TARIFFS FOR PROTECTION
PROTECTIVE tariffs differ from revenue tariffs in their object, which is not so much that of obtaining revenue as that of protecting home producers from the competition of imported commodities.
The two objects, revenue and protection, are not merely distinct, but antagonistic. The same duty may raise some revenue and give some protection, but, past a certain point at least, in proportion as one object is secured the other is sacrificed, since revenue depends on the bringing in of commodities; protection on keeping them out. So the same tariff may embrace both protective and revenue duties, but while the protective duties lessen its power of collecting revenue, the revenue duties by adding to the cost of home production lessen its power of encouraging home producers. The duties of a purely revenue tariff should fall only on commodities not produced in the country; or, if levied on commodities partly produced at home should be balanced by equivalent internal taxes to prevent incidental protection. In a purely protective tariff, on the other hand, commodities not produced in the country should be free and duties should be levied on commodities that are or may be produced in the country. And, just in proportion as it accomplishes its object, the less revenue will it yield. The tariff of Great Britain is an example of a purely revenue tariff, incidental protection being prevented by excise duties. There is no example of a purely protective tariff, the purpose of obtaining revenue seeming always to be the original stock upon which protective features are grafted. The tariff of the United States, like all actual protective tariffs, is partly revenue and partly protective, its original purpose of yielding revenue having been subordinated to that of giving protection, until it may now be best described as a protective tariff yielding incidental revenue.
As we have already considered the revenue functions of tariffs, let us now consider their protective functions.
Protection, as the word has come to be used to denote a scheme of national policy, signifies the levying of duties on the importation of commodities (as a means) in order (as an end) to encourage domestic industry.
Now, when the means proposed in any such scheme is the only means by which the proposed end can be reached, it is only needful to inquire as to the desirability of the end; but when the proposed means is only one of various means we must satisfy ourselves that it is the best. If it is not, the scheme is condemned irrespective of the goodness of its end. Thus the advisability of protection does not, as is generally assumed, follow the admission of the advisability of encouraging domestic industry. That granted, the advisability of protection is still an open question, since it is clear that there are other ways of encouraging home industry than by import duties.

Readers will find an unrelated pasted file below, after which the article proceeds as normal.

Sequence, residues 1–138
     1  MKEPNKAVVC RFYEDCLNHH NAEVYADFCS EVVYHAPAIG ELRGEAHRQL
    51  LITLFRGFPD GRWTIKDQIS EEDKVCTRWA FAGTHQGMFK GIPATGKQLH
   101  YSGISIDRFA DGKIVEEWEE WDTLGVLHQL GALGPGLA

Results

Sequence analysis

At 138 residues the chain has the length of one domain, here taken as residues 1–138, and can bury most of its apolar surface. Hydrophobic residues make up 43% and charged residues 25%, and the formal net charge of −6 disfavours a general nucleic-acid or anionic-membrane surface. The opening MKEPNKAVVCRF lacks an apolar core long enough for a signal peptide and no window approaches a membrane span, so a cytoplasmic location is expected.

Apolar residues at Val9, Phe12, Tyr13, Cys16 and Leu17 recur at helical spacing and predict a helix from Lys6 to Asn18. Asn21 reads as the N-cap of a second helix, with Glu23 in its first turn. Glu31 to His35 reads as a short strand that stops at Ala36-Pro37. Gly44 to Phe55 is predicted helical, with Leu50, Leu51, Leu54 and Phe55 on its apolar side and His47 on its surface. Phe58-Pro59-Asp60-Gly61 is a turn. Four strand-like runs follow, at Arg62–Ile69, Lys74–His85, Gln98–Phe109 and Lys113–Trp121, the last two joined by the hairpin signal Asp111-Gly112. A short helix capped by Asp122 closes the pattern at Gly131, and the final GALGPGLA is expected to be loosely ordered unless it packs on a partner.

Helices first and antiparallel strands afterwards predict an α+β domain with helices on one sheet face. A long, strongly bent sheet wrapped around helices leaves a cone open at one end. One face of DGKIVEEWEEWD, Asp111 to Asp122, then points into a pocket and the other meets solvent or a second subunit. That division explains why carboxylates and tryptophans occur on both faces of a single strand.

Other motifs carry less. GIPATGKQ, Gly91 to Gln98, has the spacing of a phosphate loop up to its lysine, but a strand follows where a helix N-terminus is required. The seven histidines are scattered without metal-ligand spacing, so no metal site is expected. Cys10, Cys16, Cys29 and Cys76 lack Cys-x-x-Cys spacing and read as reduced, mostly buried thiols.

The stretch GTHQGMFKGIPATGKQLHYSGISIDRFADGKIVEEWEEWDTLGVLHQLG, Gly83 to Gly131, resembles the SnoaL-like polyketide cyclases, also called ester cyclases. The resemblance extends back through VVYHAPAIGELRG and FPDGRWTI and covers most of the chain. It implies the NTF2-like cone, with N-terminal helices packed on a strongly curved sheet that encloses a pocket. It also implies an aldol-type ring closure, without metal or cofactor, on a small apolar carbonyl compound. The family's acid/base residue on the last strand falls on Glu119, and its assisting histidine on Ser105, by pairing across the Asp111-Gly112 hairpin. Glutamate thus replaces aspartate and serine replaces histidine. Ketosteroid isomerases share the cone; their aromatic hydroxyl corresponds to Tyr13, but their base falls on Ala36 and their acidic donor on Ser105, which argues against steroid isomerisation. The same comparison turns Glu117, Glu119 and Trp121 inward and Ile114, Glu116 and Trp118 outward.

Instead of levying import duties, we might, for instance, destroy a certain proportion of imported commodities, or require the ships bringing them to sail so many times round the world before landing at our ports. In either of these ways precisely the same protective effect could be secured as by import duties, and in cases where duties secure full protection by preventing importation, such methods would involve no more waste. Or, instead of indirectly encouraging domestic producers by levying duties on foreign goods, we might directly encourage them by paying them bounties.
As a means of encouraging domestic industry the bounty has over the protective system all the advantages that the system of paying public officers fixed salaries has over the system prevailing in some countries, and in some instances in our own, of letting them make what they can. As by paying fixed salaries we can get officials at such places and to perform such functions as we wish, while under the make-what-youcan system they can only be got at places and in capacities that will enable them to pay themselves, so do bounties permit the encouragement of any industry, while protection permits only the encouragement of the comparatively few industries with which imported commodities compete. As salaries enable us to know what we are paying, to proportion the rewards of different offices to their respective dignity, responsibility and arduousness, while make-what-you-can may give to one official much more than is necessary, and to others not enough, so do bounties enable us to see and to fix the encouragement to each industry, while the protective system leaves the public in the dark and makes the encouragement to each industry almost a matter of chance. And as salaries impose on the people much lighter and more fairly apportioned burdens than does the make-what-you-can system, so is the difference between bounties and protection.